Tragopogon lamottei Rouy
Tragopogon orientalis L.
Tragopogon pratensis L.
Tragopogon pratensis L. ssp. orientalis (L.) Celak.
Meadow Salsify, Jack-go-to-bed-at-noon, Showy Goat’s-beard, Meadow Goat’s-beard
Meadow salsify was introduced by early Europeans because its roots are edible. It has become common to invasive in many parts of temperate North America. Why is it called Jack-go-to-bed-at-noon? Ask the Jack-go-to-bed-at-noon fairy.
Plants: Plants are 12-39" (30-100 cm) in height. Broken stems and leaves exude a milky latex. This plant has a two-year lifespan (biennial). In the first year, it forms a basal rosette of leaves. In the second year it produces flowers.
Flowers: Yellow, about 1¾" (5 cm) around. Blooms open in the morning and close in the afternoon. Buds have purple stripes. Flowers appear late spring to mid-summer.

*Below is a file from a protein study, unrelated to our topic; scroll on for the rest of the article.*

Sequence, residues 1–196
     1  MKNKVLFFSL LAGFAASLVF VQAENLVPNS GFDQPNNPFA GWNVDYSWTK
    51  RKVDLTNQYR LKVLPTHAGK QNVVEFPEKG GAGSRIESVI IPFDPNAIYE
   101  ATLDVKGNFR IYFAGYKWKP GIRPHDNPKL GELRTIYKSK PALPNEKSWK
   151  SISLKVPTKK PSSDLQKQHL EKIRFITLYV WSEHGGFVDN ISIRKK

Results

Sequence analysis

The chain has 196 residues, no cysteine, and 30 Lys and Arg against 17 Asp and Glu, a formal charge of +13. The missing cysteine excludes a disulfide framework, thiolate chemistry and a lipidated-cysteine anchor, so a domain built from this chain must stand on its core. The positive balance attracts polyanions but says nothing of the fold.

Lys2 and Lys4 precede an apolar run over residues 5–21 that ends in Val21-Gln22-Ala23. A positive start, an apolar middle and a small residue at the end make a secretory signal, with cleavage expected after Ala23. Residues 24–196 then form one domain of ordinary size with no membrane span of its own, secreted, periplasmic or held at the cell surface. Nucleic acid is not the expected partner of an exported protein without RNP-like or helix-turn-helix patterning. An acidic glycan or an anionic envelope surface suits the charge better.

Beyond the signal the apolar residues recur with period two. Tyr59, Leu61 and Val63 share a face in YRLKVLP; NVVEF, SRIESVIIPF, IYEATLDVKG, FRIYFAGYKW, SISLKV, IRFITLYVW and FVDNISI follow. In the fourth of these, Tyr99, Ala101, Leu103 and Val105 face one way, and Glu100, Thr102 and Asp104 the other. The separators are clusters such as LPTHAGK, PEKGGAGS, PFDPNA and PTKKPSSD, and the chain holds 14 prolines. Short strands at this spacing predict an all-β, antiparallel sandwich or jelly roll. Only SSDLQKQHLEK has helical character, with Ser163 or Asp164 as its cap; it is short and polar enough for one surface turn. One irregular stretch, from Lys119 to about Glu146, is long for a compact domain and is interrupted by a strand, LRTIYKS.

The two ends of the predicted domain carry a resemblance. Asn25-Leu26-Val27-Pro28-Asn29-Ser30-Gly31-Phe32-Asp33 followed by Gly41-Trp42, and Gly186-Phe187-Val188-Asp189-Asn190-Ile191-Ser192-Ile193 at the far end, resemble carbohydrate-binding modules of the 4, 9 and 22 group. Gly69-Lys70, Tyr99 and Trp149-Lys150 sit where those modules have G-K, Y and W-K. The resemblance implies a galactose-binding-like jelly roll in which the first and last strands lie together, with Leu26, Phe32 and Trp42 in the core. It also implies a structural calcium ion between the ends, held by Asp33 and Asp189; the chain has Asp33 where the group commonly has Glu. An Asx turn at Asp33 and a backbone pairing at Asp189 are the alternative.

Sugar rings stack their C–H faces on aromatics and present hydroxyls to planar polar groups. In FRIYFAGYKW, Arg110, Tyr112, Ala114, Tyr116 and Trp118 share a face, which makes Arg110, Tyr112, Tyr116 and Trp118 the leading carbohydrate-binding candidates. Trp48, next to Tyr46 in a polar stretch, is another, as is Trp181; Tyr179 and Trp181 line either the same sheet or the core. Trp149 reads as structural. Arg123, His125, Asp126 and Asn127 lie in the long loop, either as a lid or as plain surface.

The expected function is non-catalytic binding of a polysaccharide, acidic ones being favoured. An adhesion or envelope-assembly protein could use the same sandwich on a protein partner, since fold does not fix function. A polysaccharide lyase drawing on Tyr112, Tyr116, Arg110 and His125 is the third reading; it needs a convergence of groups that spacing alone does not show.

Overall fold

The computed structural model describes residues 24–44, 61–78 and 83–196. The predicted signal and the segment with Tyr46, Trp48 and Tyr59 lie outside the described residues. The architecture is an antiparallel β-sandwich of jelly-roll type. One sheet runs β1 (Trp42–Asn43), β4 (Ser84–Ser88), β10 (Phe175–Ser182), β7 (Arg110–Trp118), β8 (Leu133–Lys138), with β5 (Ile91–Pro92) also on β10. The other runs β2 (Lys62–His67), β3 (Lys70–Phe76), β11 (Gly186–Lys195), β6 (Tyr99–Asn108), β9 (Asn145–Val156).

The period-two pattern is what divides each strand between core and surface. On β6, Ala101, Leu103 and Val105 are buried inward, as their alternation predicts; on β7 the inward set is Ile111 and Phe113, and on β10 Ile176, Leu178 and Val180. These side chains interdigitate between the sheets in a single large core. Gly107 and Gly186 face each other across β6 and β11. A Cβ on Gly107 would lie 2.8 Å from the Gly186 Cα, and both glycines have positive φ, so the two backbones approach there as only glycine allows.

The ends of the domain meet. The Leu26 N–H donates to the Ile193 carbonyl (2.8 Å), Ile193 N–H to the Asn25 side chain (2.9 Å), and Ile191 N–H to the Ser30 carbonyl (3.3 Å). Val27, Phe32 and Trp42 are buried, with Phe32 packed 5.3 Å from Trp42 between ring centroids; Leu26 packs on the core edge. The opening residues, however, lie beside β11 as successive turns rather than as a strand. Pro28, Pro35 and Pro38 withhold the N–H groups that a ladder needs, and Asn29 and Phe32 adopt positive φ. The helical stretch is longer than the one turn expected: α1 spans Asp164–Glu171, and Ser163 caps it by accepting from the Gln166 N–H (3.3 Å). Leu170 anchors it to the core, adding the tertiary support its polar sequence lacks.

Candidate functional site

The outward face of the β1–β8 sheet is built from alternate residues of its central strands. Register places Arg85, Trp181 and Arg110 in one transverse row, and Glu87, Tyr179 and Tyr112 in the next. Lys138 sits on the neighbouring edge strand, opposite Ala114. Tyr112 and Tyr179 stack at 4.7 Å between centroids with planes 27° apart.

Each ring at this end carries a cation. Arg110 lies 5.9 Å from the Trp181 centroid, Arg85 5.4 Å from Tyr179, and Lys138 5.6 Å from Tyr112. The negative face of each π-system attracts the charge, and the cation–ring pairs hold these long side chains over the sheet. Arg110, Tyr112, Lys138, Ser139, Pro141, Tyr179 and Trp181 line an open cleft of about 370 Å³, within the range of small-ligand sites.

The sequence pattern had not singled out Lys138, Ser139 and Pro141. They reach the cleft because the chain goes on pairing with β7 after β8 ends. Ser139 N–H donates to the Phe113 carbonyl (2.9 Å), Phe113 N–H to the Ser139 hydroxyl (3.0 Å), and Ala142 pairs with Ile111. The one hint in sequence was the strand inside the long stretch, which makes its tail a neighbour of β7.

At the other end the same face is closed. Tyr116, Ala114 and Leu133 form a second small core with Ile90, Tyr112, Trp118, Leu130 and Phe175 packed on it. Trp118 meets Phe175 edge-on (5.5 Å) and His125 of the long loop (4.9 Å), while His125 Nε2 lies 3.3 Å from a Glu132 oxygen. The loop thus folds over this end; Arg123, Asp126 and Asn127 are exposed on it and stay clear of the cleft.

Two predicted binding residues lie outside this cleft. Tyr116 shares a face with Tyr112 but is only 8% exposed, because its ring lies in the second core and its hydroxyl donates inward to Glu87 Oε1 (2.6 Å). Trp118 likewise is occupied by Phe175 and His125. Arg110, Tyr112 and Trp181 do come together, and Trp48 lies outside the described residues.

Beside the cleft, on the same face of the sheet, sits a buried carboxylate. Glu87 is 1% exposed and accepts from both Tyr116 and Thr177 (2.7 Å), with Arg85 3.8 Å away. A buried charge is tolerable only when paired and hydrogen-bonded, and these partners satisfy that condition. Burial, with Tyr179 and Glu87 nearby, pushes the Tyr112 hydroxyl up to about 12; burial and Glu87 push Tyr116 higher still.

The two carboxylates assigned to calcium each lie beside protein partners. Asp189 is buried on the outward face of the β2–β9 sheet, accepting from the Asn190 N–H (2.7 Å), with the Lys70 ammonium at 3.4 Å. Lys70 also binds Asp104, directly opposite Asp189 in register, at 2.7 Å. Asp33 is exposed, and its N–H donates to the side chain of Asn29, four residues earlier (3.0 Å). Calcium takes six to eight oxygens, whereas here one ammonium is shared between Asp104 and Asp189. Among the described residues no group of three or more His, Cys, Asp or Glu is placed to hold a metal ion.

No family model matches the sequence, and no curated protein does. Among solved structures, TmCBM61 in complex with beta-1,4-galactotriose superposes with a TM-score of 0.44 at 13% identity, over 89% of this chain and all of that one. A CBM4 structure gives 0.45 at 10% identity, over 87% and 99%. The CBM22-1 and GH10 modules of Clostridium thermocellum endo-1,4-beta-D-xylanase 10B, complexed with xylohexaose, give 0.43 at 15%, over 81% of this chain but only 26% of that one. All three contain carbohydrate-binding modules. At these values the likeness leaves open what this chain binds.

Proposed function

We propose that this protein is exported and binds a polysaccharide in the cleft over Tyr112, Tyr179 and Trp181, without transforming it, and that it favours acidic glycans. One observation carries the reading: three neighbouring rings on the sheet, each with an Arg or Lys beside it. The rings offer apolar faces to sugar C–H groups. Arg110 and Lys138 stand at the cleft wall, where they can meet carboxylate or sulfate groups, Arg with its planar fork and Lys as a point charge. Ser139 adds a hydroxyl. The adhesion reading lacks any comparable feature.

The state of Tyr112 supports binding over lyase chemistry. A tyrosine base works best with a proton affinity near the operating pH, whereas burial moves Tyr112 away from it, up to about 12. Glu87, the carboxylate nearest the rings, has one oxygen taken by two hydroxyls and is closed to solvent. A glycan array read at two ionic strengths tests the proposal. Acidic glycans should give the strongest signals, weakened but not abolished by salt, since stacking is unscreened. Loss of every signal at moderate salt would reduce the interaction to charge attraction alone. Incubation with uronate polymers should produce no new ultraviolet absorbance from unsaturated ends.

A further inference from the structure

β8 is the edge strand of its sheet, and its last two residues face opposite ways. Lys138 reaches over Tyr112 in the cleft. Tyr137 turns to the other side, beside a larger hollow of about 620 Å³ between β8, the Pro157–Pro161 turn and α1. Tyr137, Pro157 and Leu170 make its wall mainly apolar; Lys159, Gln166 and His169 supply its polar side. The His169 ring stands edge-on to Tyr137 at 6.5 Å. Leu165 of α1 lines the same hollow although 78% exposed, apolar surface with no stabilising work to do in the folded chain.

Fruits: Produces a pappas—a round seedhead of achenes, each on its own tiny “pararchute,” similar to dandelions.
Edibility: Young roots are edible raw. Older roots should be cooked like parsnips. Young shoots and leaves can be used raw or cooked in soups or salads. The flowering stem and buds, cooked like asparagus, are also edible.
Tragopogon lamottei at Illinois Wildflowers
Tragopogon lamottei on Wildflowers, Ferns & Trees of Colorado, New Mexico, Arizona, and Utah
Tragopogon lamottei on the New England Wildflower Society’s GoBotany site
Tragopogon lamottei on www.invasiveplantatlas.org
Tragopogon lamottei on wildflowerfinder.org.uk
Tragopogon lamottei on Plants for a Future, a resource and information centre for edible and otherwise useful plants
Tragopogon lamottei description by Thomas H. Kent, last updated 20 Oct 2017.
Range: Zones 3-7: